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TVonics isn’t a name that crops up very often on TrustedReviews, but the South Wales-based company is steadily making waves in the Freeview market as the UK drives towards digital switchover. It was the first company to launch a Freeview Playback recorder in the UK, and was the exclusive supplier of set-top boxes for the Government help scheme when Whitehaven became the first UK town to go all digital, which demonstrates its fierce commitment to the Freeview cause.
The company already has a string of impressive Freeview PVRs under its belt, but the DTR-Z250 looks like it could be its best yet. It’s a sub-£200 twin-tuner model, which features full Freeview+ compliance and a 250GB hard-disk, which holds up to 125 hours of MPEG-2 recordings, but if 250GB won’t satisfy your needs then a 500GB model is also available for around £20 more.
It’s also one of the most visually arresting PVRs we’ve seen in a long time, sporting a gloss-black fascia with ripples emanating from a silver circle in the middle, plus the strip below it contains LEDs to indicate playback, recording and power. It’s a radical departure from the tiresome ‘black box’ look offered by most PVRs, and should make an interesting talking point in your living room, particularly when propped up vertically on the supplied stand – but if anyone tells you it looks like an external PC hard drive, then politely ask them to leave.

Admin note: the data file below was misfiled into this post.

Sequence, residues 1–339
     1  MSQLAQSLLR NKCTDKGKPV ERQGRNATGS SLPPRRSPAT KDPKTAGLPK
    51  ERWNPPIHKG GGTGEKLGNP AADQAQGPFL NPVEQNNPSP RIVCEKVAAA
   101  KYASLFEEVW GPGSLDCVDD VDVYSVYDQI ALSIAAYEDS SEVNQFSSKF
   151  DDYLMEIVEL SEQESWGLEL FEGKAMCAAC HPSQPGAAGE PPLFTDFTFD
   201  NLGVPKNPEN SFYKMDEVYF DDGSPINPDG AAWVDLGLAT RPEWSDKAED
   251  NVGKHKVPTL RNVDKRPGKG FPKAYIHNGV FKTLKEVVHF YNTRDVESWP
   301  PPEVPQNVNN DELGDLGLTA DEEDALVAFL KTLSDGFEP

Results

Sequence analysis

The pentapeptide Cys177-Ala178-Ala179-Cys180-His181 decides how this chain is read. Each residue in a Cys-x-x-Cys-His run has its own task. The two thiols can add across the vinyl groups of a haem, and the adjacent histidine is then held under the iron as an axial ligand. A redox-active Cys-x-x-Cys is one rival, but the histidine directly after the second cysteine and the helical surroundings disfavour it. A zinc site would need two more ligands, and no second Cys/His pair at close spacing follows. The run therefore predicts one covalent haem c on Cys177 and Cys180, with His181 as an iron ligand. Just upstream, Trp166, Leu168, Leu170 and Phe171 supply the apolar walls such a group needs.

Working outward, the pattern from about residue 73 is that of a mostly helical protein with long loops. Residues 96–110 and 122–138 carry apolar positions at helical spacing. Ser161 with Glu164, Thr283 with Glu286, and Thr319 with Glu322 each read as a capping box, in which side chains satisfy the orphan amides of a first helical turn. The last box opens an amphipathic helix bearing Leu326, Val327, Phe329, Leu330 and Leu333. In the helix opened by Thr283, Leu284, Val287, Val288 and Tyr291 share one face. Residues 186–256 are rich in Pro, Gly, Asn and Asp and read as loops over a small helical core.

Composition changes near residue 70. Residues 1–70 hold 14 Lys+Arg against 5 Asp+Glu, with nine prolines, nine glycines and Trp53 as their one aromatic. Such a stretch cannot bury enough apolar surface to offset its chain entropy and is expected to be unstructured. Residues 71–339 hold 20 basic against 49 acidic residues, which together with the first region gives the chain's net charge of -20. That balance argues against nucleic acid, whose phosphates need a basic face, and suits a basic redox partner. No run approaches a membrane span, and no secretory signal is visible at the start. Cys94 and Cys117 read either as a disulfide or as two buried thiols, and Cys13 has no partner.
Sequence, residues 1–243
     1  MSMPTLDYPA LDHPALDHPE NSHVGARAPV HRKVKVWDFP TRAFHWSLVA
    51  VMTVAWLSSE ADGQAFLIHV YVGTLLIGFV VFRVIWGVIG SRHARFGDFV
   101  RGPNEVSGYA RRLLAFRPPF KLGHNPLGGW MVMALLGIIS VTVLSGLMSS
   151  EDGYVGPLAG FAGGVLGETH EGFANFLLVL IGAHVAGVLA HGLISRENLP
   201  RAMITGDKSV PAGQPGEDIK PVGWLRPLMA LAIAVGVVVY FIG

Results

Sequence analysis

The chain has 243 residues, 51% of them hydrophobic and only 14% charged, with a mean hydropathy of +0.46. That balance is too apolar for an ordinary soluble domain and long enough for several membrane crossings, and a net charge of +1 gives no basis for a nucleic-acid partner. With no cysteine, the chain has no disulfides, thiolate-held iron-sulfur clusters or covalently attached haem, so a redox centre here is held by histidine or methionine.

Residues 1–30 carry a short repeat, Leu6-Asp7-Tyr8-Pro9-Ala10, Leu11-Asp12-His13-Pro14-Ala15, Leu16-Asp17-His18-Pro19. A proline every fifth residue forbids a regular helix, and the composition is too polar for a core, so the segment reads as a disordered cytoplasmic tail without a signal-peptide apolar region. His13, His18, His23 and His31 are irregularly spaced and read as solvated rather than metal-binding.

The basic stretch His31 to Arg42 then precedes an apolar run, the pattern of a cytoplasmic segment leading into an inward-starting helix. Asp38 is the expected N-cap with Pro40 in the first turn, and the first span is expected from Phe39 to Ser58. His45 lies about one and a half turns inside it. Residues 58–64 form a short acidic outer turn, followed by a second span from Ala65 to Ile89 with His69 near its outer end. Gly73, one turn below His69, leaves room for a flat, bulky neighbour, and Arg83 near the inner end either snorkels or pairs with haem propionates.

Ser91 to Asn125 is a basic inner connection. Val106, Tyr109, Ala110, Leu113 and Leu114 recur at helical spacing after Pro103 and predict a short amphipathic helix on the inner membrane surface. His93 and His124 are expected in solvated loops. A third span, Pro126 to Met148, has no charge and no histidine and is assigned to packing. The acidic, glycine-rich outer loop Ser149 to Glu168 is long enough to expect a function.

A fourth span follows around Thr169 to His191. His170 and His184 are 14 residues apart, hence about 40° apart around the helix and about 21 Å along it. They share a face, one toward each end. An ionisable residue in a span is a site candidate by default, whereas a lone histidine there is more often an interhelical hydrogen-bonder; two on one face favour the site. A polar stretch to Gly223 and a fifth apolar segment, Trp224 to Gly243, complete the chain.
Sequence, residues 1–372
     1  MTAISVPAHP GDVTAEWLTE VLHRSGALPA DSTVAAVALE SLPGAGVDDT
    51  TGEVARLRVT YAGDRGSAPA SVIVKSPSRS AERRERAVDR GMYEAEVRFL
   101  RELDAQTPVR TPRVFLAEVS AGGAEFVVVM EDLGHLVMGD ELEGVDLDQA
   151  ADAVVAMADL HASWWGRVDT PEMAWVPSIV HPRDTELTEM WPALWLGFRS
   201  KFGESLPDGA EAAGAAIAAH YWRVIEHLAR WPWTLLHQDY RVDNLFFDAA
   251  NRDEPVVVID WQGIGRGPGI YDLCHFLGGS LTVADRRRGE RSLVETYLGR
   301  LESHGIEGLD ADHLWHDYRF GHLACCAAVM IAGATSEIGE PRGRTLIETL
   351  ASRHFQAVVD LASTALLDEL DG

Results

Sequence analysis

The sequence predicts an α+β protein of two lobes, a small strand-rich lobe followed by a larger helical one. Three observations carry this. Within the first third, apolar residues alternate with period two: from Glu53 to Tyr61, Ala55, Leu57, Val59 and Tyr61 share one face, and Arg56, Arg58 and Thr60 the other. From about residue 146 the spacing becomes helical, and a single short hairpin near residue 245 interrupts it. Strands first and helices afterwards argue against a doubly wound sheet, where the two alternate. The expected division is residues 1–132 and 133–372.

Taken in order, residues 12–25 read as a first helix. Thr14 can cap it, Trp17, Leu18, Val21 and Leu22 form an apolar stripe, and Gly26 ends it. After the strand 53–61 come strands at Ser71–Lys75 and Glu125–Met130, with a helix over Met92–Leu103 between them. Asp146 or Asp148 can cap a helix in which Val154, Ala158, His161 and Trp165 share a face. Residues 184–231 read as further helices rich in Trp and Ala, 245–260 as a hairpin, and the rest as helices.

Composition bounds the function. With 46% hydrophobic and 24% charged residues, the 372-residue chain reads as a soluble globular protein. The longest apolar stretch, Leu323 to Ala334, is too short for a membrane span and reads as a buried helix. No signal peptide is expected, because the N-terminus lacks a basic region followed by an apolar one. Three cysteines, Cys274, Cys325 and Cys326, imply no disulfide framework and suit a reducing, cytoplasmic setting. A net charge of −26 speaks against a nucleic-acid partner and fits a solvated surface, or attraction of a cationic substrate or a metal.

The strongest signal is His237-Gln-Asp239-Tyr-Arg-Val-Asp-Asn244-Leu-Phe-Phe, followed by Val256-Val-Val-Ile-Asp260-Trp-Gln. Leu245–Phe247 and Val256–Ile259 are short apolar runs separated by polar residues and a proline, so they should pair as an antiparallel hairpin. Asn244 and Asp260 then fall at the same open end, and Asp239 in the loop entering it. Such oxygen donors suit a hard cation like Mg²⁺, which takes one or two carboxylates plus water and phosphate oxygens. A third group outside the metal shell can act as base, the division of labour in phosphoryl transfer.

Its compact shape hasn’t left a lot of room on the back for connections. The most criminal omission is HDMI output, which should have been a given considering the amount of TVs that sport HDMI inputs. As it stands, there are two SCART outputs, one of which offers RGB, S-video and composite output and the other offers just composite output, which will disappoint those who want to back up hard-disk recordings on DVD in the best possible quality, but don’t want to swap the SCARTs around every time. The socket selection is completed by RF in/out and a 3.5mm minijack output which outputs analogue stereo and optical digital audio.
Twin tuners are an essential feature of any PVR (a fact DVD/HDD combi manufacturers still seem blissfully unaware of) and thankfully the TVonics provides them. This means you can record one channel while watching another or record two channels simultaneously while you watch a previous recording from the hard-disk. But sadly it lacks the flexibility to display a third live channel while recording two others, even if it’s on the same multiplex, which was one of the things we loved about the Humax PVR-9300T.
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